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Ted Wells '07

Ted Wells recyclesTed Wells grew up on a New Hampshire farm with environmentally concerned parents, and had grandparents, and even great grandparents, who fought to help our world consider a more sustainable path. So, it is no surprise that the fourth grade teacher at the Park School in Brookline, MA, cringed when he saw how much paper his school tossed into the trash. Wells, 34, says his Bank Street education (he received his M.S. in 2007) helped him approach recycling as a problem to solve with his students.

"The fourth graders came up with an action plan, which included creating recycling teams that now collect and haul away 30,000 pounds of paper a year," says Wells, who has been at the Park School for eight years. "We set up a marketing side to get other grades educated and involved, too." Wells and his students also made videos and posted them on YouTube at One features a super hero, Recycling Boy, created by a shy student who was transformed by his dramatic role. Over 20,000 people have now watched this video on line!

"At Bank Street, we studied the importance of play and taking on other roles. Something about the video camera brings out the best in my kids. Plus, in the process of creating videos they learn the material more deeply as they teach it to others," Wells says.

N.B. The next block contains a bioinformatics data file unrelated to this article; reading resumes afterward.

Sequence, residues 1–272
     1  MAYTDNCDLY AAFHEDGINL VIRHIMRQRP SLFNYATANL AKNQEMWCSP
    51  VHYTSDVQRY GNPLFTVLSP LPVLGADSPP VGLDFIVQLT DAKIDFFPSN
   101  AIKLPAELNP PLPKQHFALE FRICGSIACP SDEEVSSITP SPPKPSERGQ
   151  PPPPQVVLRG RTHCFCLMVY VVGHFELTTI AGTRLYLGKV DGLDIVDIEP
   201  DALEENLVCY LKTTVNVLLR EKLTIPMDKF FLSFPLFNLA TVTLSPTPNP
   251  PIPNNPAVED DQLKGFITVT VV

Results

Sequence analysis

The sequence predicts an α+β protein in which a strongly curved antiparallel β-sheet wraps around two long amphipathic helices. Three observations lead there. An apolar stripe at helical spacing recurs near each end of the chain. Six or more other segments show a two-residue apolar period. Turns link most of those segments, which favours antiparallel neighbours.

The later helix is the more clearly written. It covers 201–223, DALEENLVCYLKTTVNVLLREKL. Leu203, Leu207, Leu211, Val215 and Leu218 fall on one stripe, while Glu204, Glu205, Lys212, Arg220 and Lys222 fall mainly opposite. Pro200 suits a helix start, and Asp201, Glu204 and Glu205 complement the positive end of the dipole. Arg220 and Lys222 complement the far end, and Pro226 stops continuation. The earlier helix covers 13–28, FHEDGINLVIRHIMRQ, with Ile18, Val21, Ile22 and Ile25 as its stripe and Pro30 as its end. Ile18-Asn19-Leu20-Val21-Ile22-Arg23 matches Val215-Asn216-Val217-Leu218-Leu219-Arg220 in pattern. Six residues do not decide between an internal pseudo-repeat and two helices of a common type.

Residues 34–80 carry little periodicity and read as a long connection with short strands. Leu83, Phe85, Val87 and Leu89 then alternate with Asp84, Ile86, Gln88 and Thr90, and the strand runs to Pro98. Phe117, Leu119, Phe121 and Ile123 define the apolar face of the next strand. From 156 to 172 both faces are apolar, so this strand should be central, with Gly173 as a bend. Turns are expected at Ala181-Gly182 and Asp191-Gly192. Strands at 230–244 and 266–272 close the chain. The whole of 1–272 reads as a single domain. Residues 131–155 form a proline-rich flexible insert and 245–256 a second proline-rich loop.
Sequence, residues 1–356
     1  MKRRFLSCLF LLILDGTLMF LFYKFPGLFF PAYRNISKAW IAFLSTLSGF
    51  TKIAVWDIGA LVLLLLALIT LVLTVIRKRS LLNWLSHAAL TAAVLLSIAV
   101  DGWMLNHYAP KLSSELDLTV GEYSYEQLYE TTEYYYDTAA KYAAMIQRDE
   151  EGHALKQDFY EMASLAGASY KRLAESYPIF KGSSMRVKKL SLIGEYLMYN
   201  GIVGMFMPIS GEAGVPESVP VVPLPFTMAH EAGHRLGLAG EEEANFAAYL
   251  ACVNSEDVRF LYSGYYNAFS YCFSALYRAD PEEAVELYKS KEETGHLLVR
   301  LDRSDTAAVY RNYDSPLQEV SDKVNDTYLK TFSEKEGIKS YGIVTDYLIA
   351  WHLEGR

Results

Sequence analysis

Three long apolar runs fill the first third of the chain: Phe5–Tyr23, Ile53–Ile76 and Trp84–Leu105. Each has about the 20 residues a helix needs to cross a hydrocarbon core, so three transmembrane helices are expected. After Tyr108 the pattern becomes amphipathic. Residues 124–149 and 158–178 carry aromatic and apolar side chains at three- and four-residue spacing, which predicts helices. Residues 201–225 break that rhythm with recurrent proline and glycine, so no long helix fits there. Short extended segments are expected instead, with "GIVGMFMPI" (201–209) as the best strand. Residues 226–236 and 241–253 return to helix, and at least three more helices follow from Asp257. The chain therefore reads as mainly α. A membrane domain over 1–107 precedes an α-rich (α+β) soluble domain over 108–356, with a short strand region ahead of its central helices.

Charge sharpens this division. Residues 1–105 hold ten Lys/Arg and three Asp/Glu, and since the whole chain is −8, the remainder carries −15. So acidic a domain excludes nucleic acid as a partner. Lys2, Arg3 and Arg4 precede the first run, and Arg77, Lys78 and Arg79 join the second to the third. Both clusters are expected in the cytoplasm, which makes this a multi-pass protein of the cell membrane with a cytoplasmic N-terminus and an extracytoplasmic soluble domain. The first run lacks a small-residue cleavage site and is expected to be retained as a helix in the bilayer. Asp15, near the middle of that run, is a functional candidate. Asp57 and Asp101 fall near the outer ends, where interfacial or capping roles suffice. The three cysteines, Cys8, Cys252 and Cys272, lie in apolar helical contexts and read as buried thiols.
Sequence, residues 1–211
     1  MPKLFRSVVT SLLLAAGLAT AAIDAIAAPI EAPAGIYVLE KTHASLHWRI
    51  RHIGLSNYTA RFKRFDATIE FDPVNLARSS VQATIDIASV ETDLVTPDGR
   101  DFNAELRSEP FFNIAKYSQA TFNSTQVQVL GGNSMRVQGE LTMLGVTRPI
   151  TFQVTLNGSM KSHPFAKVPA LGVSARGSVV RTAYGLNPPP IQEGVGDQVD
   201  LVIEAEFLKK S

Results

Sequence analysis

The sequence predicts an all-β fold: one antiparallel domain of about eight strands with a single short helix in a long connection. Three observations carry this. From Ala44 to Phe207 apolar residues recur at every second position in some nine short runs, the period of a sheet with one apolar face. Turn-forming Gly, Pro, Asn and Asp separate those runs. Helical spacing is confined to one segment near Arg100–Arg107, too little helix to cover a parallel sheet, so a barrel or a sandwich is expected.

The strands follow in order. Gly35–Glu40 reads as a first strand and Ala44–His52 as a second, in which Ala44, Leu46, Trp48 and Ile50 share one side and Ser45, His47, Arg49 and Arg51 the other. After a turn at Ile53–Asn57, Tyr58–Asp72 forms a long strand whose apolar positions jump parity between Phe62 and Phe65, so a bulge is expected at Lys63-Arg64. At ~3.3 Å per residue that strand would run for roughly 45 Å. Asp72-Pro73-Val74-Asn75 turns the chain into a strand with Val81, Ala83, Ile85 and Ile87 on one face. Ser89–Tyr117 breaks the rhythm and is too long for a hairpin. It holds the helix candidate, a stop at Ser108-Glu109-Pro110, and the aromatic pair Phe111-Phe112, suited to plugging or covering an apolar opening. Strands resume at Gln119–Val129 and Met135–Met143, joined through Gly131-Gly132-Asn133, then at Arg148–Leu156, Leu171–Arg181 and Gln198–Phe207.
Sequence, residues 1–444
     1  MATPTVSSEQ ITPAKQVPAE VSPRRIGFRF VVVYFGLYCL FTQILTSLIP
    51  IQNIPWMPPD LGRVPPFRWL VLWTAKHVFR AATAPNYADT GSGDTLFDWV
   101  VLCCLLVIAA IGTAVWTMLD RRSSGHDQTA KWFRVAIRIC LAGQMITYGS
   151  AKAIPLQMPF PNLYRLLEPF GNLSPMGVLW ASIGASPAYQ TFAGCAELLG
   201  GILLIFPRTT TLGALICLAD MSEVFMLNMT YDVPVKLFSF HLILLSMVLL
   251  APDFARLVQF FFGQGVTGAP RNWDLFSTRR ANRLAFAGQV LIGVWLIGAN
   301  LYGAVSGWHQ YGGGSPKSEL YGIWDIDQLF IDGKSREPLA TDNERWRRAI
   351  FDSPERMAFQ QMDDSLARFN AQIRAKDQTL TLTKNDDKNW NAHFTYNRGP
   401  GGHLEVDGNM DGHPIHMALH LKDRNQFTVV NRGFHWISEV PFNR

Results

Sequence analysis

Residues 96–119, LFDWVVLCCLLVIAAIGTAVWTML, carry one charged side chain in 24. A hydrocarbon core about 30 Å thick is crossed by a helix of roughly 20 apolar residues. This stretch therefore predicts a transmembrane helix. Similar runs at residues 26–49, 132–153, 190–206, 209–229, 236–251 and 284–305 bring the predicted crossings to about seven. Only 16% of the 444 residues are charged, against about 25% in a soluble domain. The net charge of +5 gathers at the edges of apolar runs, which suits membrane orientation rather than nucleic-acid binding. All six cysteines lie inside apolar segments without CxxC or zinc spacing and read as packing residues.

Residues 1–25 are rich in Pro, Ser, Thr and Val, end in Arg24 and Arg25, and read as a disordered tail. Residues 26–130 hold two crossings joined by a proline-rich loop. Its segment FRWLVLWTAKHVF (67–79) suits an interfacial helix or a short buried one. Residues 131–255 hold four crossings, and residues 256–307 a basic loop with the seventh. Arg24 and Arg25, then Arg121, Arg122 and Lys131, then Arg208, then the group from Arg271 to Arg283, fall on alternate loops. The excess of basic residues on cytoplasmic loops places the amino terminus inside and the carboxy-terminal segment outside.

His class is now also working on an even more important project: reducing paper usage. They started a program called the "Catalog Canceling Challenge," for which kids take unwanted catalogs at home and call 1-800 numbers to cancel them. The first year, 145 kids in grades 3, 4, and 5 canceled over 4,000 catalogs and brought them in to pile up at school. NBC's Today Show featured Wells and his students describing this project and asking others to join the cause. Since then, thousands of kids in schools and scout troops in 14 states have canceled over 30,000 catalogs, saving hundreds of trees as well as a lot of water and energy.

To join this free and fun service learning project, see:

Wells believes service learning promotes more caring, connected, and understanding citizens. "Green" projects, he adds, are a timely way for students to give back to their communities and to feel great about it. "Promoting good 'citizenship' in our schools is a hugely important and shared part of what teachers do," he says. "Promoting or simply modeling environmental sustainability fits nicely under this umbrella." Wells' integrated recycling curriculum is available free online at